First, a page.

Last month we received a comment from a reader pointing out the all-too-familiar challenge of looking for work while also parenting a child with special needs. In our culture, it is hard to be successful in the working world when you are so needed at home. This really struck a chord with me and I wanted to share my story with you. I am a child development specialist and I have three kids, one of whom has special needs.
I’ve always loved my work outside the home, but I also loved shifting to become a stay-at-home mom with my boys.
But being the caretaker at home while they were small also brought with it a shift in my identity and career goals – accompanied by many self-imposed questions and tired tears. I think as parents, we all go through some version of this as we grow our families. This evolution of life comes fast and hard when you have children, and faster and harder when you have children with special needs.
Then there is another shift, one that occurs when your children go off to school.
When your children go off to school, you think this opens up so much time to pursue work outside of the home. For a parent of a child with special needs, however, you are still managing and scheduling appointments, going to those appointments, getting calls from school, picking up early, dropping off late. In between, you’re getting the shoes that fit perfectly with the brace but it’s located on the other end of town.On top of the logistics, you’re doing the emotional work of trying to stay the course when you suddenly receive an email from your son’s school that makes you want to drop everything and go scoop him up. (On a different day, you might get the same email and want to jump in the car and just drive and drive. But you don’t.)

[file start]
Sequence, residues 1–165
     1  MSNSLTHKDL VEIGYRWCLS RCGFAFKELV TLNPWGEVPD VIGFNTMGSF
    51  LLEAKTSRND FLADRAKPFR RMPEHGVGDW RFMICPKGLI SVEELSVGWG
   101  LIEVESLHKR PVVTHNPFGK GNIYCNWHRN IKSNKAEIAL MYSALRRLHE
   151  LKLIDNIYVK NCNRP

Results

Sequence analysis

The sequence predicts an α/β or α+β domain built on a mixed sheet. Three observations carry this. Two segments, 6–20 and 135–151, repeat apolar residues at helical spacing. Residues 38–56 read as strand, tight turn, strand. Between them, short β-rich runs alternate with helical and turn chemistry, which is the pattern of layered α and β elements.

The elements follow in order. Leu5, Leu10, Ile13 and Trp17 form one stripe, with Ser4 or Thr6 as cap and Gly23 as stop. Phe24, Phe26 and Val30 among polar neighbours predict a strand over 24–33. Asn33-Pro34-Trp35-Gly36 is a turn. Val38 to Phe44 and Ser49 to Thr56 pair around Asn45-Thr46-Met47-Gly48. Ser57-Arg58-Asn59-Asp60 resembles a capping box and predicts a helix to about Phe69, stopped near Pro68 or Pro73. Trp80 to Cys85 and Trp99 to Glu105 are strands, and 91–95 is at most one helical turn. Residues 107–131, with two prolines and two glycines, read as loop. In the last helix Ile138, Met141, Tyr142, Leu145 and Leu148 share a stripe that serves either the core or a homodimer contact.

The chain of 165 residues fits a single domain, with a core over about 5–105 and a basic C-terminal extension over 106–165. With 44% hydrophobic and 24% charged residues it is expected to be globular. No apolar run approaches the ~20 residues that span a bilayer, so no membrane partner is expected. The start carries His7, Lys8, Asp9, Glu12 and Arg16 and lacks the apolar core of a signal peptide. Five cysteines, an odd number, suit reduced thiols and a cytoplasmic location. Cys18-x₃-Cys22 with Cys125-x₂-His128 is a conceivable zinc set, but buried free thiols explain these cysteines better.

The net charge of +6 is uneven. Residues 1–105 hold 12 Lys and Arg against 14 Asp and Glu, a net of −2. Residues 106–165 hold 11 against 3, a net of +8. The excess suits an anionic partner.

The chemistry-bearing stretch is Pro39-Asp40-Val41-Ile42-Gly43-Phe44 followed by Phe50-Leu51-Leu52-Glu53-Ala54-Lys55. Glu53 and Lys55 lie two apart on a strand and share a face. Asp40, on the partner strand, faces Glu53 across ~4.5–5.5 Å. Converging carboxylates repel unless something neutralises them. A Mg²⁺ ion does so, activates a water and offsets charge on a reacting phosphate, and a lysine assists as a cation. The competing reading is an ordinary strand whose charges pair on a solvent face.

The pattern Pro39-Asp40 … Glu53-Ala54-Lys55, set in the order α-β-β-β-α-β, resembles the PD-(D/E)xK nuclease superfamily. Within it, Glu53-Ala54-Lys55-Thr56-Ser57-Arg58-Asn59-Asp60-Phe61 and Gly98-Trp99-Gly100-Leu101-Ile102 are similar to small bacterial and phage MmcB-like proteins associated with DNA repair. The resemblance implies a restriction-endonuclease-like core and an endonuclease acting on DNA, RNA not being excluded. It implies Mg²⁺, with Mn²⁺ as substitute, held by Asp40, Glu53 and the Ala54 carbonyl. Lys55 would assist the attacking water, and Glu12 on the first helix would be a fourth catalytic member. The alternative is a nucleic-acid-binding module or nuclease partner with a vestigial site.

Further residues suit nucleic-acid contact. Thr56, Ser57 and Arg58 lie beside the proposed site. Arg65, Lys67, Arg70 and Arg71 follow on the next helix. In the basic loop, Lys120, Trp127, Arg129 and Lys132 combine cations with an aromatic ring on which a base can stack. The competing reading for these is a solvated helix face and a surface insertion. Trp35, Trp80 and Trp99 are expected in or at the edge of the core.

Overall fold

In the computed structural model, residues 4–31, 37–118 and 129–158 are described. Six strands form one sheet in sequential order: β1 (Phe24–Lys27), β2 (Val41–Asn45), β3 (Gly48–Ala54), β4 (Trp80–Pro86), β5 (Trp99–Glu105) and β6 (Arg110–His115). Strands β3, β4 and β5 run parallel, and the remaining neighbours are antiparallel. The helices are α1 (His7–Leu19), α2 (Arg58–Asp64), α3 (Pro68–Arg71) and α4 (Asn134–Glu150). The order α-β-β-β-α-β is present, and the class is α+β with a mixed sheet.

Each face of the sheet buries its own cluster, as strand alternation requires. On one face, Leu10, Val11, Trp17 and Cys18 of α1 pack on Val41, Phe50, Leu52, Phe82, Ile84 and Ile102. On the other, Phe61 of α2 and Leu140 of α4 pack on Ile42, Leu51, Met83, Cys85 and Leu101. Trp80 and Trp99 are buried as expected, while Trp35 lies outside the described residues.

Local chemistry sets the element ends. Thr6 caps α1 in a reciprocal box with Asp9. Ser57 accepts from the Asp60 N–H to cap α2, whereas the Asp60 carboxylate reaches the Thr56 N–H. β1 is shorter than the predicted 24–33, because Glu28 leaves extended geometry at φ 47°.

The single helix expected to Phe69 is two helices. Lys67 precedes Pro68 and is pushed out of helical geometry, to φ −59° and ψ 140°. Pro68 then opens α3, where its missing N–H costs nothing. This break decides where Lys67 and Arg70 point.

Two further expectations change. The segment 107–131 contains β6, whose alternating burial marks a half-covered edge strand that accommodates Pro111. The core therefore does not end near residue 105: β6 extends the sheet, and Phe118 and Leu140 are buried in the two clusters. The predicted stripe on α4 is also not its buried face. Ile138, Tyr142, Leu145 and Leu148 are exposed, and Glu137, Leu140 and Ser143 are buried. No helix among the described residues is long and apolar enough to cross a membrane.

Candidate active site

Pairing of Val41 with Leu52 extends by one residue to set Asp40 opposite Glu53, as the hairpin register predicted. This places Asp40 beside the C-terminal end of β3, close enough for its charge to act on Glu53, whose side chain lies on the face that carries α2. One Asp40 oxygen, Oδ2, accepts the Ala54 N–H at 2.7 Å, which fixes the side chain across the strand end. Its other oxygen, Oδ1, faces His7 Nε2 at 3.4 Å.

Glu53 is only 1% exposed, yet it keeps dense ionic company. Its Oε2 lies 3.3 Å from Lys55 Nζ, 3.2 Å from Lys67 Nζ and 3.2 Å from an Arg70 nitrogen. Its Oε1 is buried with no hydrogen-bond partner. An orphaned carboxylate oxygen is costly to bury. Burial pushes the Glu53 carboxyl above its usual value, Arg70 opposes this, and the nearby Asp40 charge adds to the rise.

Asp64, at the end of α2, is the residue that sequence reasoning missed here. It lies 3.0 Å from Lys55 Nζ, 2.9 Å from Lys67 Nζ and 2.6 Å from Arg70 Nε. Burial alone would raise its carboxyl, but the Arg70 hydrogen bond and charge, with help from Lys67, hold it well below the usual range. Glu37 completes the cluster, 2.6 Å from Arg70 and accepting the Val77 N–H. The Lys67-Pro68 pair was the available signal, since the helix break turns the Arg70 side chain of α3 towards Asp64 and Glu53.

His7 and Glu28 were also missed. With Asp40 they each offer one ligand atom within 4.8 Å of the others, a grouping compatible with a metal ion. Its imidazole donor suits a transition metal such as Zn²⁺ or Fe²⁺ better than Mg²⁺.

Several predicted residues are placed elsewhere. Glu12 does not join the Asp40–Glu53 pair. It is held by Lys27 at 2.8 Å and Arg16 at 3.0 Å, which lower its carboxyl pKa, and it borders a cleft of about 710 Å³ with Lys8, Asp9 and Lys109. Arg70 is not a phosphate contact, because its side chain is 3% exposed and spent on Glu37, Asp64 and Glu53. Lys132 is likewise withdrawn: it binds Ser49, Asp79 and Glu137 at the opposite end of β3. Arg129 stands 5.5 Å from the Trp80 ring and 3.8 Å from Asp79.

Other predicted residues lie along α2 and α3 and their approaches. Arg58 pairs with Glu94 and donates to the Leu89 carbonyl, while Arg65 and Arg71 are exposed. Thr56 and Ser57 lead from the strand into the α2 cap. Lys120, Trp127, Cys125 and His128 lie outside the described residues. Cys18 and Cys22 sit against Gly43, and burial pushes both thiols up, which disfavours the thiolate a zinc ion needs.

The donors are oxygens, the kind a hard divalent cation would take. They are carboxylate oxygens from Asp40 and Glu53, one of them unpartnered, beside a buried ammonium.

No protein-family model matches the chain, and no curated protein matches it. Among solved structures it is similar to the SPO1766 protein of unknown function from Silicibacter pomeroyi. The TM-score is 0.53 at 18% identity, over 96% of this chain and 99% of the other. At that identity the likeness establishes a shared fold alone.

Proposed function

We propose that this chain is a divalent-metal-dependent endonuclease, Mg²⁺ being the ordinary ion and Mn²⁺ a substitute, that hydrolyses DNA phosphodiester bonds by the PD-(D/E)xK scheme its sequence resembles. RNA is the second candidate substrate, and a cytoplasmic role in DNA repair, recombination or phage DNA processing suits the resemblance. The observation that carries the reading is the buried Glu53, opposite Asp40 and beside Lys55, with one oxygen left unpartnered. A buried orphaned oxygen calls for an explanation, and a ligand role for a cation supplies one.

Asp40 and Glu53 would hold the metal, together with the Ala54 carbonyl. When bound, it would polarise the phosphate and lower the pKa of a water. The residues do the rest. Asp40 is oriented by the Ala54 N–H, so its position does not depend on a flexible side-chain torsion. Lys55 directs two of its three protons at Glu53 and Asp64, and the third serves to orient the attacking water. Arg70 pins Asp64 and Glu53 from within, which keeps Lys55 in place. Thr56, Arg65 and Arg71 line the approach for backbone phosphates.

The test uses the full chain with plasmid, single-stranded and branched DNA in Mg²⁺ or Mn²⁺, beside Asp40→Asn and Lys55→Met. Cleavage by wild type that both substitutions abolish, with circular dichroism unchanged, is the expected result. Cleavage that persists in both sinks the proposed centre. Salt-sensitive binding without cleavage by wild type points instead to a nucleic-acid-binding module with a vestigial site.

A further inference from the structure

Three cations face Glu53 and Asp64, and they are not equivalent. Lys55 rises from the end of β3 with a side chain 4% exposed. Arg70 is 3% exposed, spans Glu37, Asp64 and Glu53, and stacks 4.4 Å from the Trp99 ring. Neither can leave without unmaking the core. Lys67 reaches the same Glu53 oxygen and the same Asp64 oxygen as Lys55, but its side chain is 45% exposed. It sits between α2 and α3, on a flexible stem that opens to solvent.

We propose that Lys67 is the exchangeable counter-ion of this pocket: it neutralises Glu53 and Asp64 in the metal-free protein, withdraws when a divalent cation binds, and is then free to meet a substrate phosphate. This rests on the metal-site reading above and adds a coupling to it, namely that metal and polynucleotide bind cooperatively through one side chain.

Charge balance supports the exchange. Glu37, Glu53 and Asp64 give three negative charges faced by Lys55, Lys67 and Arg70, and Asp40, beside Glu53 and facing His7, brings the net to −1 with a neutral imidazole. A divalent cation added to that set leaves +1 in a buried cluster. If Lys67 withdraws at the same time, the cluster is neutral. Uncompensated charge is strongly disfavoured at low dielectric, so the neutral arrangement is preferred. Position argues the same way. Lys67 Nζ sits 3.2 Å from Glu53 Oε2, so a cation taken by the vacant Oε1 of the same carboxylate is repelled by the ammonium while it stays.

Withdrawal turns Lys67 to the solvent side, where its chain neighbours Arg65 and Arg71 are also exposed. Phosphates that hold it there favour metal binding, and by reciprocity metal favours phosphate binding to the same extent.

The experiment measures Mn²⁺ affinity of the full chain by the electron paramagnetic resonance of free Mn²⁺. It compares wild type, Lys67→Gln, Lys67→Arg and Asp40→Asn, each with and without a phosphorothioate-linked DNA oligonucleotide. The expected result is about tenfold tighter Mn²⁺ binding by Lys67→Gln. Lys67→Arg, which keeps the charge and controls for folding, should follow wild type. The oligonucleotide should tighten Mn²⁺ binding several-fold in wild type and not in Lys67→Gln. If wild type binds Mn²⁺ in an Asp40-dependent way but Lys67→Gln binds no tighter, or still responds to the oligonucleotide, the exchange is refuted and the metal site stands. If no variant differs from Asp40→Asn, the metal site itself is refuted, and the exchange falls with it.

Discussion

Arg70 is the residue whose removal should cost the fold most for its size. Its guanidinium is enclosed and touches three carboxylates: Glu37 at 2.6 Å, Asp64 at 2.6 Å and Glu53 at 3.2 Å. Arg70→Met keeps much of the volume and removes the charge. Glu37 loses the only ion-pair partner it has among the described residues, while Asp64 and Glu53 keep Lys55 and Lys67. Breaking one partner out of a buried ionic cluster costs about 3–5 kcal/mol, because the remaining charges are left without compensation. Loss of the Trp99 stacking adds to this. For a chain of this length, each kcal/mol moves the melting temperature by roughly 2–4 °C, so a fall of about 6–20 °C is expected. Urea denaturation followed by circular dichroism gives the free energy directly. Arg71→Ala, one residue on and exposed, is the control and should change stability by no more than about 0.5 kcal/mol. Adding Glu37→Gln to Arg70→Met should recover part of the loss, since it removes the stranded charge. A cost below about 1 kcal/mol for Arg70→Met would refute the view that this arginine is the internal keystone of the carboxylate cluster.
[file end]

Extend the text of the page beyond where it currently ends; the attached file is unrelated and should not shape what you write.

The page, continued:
When life feels overwhelming like this, I think, can I really do this?
I am often distracted, I’m going to be late sometimes, and I’m going to need to leave early other times. Some mornings my eyes will be red and others they will have heavy bags from a long night up. My child and my family will always be my first priority.But child care is expensive. Therapies are expensive. Going to the special needs friendly exhibit at the museum that your child loves is expensive! Buying the clothes that fit just right and don’t make your child feel “scratchy and yucky” is expensive. Taking time to connect with your husband or friends and hiring a qualified babysitter that you trust…is expensive. Now that my kids are in school, even though I could easily fill my time, I have a need and an opportunity to increase income.
I love being a mom, but my identity is more than “mom.”
I have ideas and value to contribute to my community and to the world. I enjoy my career and I’m motivated for the next step. I’m good at it.My experiences have shaped me, as they have for us all, and I’m stronger for it. I will bring that strength into my work in the form of determination and perseverance. I have a softness that that’s helps me to feel deep empathy for others and not to make assumptions. I’m a manager and an organizer, and I know what it means to find the positive when people keep pointing out the negative.Whether you call it a balance or not, we are all trying to do what we need to do for ourselves and for our family. That looks different in different homes, but we should all work harder as a culture to support one another and hold each other up as we continue our career paths and value family and healthy development.Now you need to find the job. This is no small feat but you can start here: find Parent and Caregiver Support groups in your community and have those conversations about what worked and what did not work for others. Use Respite services to take the time to research employers or go on informational interviews. Gather information and see what works for you and your family. As you search, there are resources that we can access to be sure we are getting all of the financial support that we are eligible for. Good luck on your exciting new journey!